And yet in Killing Commendatore there is something very different, very compelling to read, despite the unfortunate portrayal of women. It is as if in this 70th year he wishes to reflect upon his craft and seems to bring together his two loves — the art of writing and his love for music. In many ways, the conversations in the novel revolving around music, or the artist putting LPs on the turntable while working, listening to opera, Strauss, Schubert, Verdi, while also being able to converse knowledgeably about Bruce Springsteen and jazz, are not out of character for Murakami who is known for his love for music. This novel’s dramatic storytelling is much in a similar vein to that of operatic dramas that are definitely overdone. Not many will appreciate this novel for it tends to meander a fair bit but on the other hand it is an act of patient endurance upon the part of the reader to fully admire Murakami’s writing.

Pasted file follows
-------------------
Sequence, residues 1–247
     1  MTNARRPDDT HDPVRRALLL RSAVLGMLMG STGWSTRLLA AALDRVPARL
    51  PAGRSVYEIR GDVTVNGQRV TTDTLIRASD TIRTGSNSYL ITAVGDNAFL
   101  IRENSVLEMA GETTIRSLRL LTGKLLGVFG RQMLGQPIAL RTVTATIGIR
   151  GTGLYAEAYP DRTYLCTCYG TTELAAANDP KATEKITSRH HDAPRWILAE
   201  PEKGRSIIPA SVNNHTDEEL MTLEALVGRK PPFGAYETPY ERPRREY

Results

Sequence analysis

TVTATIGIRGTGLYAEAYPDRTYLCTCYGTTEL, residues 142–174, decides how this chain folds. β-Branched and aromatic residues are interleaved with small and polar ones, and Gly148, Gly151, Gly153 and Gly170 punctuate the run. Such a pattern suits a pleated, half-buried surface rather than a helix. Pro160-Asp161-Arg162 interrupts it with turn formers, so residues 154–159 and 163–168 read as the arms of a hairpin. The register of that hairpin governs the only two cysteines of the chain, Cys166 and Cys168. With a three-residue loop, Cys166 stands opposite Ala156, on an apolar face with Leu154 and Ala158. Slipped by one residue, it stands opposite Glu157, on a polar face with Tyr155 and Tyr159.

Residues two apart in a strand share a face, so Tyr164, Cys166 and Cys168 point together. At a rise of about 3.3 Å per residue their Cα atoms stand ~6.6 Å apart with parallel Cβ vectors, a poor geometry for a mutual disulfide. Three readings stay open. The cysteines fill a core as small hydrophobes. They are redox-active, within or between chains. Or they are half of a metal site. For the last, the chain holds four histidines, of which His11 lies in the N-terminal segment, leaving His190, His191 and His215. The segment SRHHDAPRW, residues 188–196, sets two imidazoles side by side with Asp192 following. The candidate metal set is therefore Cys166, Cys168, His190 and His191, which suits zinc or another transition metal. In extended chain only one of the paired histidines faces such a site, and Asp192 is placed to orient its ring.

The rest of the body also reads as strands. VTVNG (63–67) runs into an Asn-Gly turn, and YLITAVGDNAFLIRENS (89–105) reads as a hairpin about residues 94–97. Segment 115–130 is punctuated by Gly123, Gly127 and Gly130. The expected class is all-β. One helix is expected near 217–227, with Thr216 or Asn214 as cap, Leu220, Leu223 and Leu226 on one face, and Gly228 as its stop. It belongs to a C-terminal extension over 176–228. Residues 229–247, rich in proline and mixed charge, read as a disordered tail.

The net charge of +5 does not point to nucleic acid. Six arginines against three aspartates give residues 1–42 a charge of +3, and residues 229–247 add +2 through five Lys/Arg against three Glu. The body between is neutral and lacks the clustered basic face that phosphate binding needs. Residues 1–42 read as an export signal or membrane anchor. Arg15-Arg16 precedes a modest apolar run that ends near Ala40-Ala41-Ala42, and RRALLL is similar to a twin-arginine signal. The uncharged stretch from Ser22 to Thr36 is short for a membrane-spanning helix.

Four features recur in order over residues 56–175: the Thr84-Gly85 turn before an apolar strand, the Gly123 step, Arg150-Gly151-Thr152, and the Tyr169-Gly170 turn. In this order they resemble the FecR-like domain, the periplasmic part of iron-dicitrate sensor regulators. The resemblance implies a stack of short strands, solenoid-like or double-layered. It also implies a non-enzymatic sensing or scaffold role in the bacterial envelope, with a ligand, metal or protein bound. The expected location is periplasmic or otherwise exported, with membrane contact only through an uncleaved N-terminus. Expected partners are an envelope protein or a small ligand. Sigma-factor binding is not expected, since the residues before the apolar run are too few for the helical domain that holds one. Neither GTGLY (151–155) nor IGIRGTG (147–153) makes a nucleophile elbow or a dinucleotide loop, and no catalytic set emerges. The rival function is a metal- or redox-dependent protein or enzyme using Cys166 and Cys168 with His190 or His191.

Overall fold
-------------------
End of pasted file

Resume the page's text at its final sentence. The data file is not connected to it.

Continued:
I am glad I read the book and I am not even a Murakami fan.
As always the amazing Chipp Kidd has designed the cover for this novel too. 25 years he has been designing the covers for Murakami’s novels. First time in 25 years Murakami asked Kidd to revise his draft drawing. Here is the story published on Vulture.
The book had a global release on 9 Oct 2018, the same day as Frankfurt Book Fair opened. Great timing!
9 Oct 2018
To buy on Amazon India